scientific literacy among their graduates? How can they improve the training of students who will become science and mathematics teachers in elementary and secondary schools?

Finally, at the precollege level, how can the schools best take advantage of information-based technologies to optimize teaching and learning? How can teachers best prepare students for further education and for careers where science, technology, and mathematics will play an increasing role?

The development of human resources is essential to meeting the fundamental challenge in the science and technology enterprise: that of maintaining and improving the linkages between research and the development and adoption of technology. If our scientific enterprise is to be more effective in a competitive world, these activities must be more effectively coupled. The principal link is through people—the scientists, engineers, and others who are trained in schools, colleges, and universities and then go on to work in industry, academia, and government.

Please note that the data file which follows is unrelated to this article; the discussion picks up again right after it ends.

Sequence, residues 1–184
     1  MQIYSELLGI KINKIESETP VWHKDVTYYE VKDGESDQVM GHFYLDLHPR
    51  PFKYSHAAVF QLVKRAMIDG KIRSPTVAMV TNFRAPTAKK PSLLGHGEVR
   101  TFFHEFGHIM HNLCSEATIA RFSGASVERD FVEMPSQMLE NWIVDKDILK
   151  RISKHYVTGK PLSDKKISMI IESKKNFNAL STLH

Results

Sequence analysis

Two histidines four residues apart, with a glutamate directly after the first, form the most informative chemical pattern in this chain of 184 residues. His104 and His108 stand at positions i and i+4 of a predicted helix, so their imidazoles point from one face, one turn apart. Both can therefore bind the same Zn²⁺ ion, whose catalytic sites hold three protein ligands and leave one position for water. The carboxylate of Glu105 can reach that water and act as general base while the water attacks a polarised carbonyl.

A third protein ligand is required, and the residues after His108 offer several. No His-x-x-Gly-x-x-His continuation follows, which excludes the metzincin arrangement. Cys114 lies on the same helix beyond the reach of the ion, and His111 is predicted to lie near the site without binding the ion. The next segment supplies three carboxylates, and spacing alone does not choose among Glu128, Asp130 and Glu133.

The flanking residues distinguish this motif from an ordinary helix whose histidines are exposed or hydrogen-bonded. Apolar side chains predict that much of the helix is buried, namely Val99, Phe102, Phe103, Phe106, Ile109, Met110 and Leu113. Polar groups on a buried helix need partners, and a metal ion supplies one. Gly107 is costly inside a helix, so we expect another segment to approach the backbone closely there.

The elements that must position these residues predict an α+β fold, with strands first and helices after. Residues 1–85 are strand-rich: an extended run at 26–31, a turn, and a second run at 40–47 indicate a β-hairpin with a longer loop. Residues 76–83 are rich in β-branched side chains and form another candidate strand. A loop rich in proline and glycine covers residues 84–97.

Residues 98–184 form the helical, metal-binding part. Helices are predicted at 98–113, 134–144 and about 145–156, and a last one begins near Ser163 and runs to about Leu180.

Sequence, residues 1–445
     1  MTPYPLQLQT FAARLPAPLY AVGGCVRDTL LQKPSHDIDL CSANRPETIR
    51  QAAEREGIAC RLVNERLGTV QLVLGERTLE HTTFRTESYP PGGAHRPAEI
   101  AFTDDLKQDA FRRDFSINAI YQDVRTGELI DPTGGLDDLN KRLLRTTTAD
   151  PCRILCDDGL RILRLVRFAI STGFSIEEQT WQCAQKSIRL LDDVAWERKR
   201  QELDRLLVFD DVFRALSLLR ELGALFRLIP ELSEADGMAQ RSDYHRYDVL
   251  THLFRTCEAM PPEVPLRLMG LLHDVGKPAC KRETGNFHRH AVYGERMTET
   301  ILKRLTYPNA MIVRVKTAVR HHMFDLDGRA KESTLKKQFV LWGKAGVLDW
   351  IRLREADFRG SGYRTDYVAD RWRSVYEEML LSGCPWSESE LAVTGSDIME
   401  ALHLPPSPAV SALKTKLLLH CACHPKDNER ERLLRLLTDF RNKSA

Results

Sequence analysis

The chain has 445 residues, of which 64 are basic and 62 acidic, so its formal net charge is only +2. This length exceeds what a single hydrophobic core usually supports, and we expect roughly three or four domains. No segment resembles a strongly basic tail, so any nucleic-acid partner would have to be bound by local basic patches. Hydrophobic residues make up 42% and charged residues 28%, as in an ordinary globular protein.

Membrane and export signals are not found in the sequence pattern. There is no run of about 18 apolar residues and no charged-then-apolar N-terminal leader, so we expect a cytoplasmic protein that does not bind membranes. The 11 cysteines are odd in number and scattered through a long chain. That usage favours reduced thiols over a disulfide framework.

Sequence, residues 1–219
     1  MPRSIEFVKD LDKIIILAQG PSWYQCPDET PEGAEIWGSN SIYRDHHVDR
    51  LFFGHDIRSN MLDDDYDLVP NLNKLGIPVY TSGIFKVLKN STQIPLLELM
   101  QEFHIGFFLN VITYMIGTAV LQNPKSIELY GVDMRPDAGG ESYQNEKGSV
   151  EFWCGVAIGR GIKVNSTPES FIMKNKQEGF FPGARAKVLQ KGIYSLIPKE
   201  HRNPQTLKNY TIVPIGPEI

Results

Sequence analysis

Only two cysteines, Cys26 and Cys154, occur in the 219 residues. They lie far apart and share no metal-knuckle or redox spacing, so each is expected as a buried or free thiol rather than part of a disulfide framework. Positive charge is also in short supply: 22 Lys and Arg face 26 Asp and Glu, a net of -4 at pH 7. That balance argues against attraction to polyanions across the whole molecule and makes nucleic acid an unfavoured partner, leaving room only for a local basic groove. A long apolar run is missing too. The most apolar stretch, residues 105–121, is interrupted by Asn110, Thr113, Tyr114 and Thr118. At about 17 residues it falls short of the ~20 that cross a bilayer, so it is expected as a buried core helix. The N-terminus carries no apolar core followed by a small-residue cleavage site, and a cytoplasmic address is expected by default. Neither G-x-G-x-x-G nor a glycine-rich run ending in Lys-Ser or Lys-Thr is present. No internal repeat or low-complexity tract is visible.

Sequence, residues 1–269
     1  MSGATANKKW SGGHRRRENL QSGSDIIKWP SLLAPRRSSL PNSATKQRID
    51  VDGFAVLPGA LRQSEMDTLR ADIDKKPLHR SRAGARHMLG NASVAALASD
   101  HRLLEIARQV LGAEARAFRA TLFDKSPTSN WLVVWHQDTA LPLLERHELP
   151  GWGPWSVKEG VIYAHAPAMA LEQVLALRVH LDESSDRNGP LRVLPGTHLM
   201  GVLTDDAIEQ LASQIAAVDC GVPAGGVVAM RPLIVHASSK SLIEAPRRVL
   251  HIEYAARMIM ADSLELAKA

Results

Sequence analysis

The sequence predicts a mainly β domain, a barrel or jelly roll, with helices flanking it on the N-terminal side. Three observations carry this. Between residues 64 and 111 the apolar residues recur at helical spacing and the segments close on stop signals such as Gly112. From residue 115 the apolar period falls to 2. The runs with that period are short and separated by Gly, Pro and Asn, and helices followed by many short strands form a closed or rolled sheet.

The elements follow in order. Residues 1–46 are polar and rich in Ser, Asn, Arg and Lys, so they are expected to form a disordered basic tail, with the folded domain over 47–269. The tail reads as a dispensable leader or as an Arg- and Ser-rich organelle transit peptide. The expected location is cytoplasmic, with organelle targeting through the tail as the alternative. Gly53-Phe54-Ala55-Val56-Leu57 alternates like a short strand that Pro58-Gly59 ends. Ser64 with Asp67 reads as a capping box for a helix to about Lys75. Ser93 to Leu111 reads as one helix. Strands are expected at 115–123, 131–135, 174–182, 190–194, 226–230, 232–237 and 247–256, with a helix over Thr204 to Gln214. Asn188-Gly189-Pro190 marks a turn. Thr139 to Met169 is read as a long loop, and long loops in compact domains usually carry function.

The development of human resources is also related to another issue that warrants further examination: the increasingly international character of science and technology. A nation’s work force is virtually the only factor of production in modern economies that does not move easily across international borders. Scientific knowledge, technical know-how, natural resources, and capital have increasingly become international commodities that flow quickly to those best able to use them. This report has focused predominantly on the national dimensions of science and technology, but the changing international context will have increasingly important consequences for national approaches to research and development.


Despite the increasing internationalization of science and technology, the linkages between a nation’s internal scientific and technological capabilities and its well-being will continue to be strong. The countries that best integrate the generation of new

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